This is one of my favourite recipes because it is quick to prepare, fairly quick to cook, tasty and sufficiently impressive to serve to visitors.
If you start by putting a few scrubbed unpeeled potatoes in the over set at 160 degrees (fan oven), 170 degrees (non fan) or Gas Mark 4, there's almost no washing up and the nice jacket potatoes will be ready when the meat and leeks are cooked, with plenty of fluffy potato to soak up the meat and vegetable juices.
If you use purchased lamb fillets from a "normal" butcher, the cooking time to get them tender is probably around 40 minutes, but if you use a heritage breed or hogget, or mutton, you will need to increase the cooking time. This is a pretty forgiving dish which can be cooked, possibly safer at 150 degrees (scale down for non fan and gas proportionately) for an hour and a half or even more without damage. The shorter cooking times will leave the fillets pink in the middle and possibly slightly chewy while longer times will take it through tender to mouth-watering falling apart ...
Start with 2 neck fillets (will serve 4 people - add more if you need!).
Use about 2 tablespoons full of your preferred cooking oil, and add seasoning.
I use salt, black pepper, fennel and caraway seed, plus some chili flakes, and this will work very well with the Ricard added later ... Other options are rosemary with gin or cumin, ginger and whiskey ... or whatever takes your fancy! Because the lamb will be quite greasy it's worth limiting the oil and then also using sufficient seasoning to add flavour without drowning the taste of the meat and leeks - i regret to say that I do this by estimate and how I feel on the day, but probably around a teaspoon of each would work.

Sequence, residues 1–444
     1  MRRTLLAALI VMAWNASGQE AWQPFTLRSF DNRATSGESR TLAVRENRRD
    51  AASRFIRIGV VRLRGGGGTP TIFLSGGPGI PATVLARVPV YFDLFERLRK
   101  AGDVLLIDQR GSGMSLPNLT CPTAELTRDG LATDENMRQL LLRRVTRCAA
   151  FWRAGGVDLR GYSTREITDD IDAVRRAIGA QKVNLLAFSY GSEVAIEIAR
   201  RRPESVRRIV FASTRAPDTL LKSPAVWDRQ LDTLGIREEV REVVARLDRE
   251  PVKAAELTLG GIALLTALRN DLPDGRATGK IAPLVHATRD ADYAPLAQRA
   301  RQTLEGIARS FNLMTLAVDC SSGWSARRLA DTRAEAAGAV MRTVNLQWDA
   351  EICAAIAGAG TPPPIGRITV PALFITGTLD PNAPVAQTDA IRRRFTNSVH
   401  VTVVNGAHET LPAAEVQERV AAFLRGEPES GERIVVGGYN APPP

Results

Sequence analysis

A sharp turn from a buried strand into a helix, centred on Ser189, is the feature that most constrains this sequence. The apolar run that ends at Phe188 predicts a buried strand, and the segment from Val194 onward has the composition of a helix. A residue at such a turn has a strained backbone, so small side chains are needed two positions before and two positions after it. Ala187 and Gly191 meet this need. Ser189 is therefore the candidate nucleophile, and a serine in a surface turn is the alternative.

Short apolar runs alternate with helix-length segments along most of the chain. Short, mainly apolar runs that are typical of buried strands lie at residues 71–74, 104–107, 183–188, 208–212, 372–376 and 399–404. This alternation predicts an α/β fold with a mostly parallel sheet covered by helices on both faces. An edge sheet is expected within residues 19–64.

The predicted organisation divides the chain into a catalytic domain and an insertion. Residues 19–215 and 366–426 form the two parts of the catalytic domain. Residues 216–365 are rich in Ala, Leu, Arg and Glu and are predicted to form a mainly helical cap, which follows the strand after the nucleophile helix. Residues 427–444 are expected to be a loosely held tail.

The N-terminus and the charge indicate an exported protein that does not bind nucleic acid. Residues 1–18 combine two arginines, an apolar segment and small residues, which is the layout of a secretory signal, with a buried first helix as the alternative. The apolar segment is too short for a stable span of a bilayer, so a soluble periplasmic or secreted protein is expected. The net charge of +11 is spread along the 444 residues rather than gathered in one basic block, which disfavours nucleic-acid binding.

Fry the fillets until browned in a shallow casserole and set aside.
While the meat is browning, take some washed, trimmed leeks, probably around 3-4 medium-sized leeks and chop to around 0.5-1cm chunks - fatter leeks are better split down the middle before chopping.
Add garlic, to taste, and put the lot into the casserole on top of the seasoned meat juices and fry till bright green and softened but not really cooked.
Now place the browned fillets on top of the leeks, slosh in a slug of Ricard, cover and put into the oven.
Of course you don't need to add chili or alcohol unless you want to and the dish will work fine without!
The cooking time should be 40 minutes to 1.5 hours but is pretty flexible. The longer the meat is cooked, the more it will shrink and the more the juices and leeks will merge into a soft mushy sauce. It you plan to cook for a long time, you may consider a further vegetable, depending on what is in season, to go alongside the jacket potatoes.
To serve, take the meat out and slice into rounds - approximately half a fillet per person, set on plates and spoon the leeks over the top.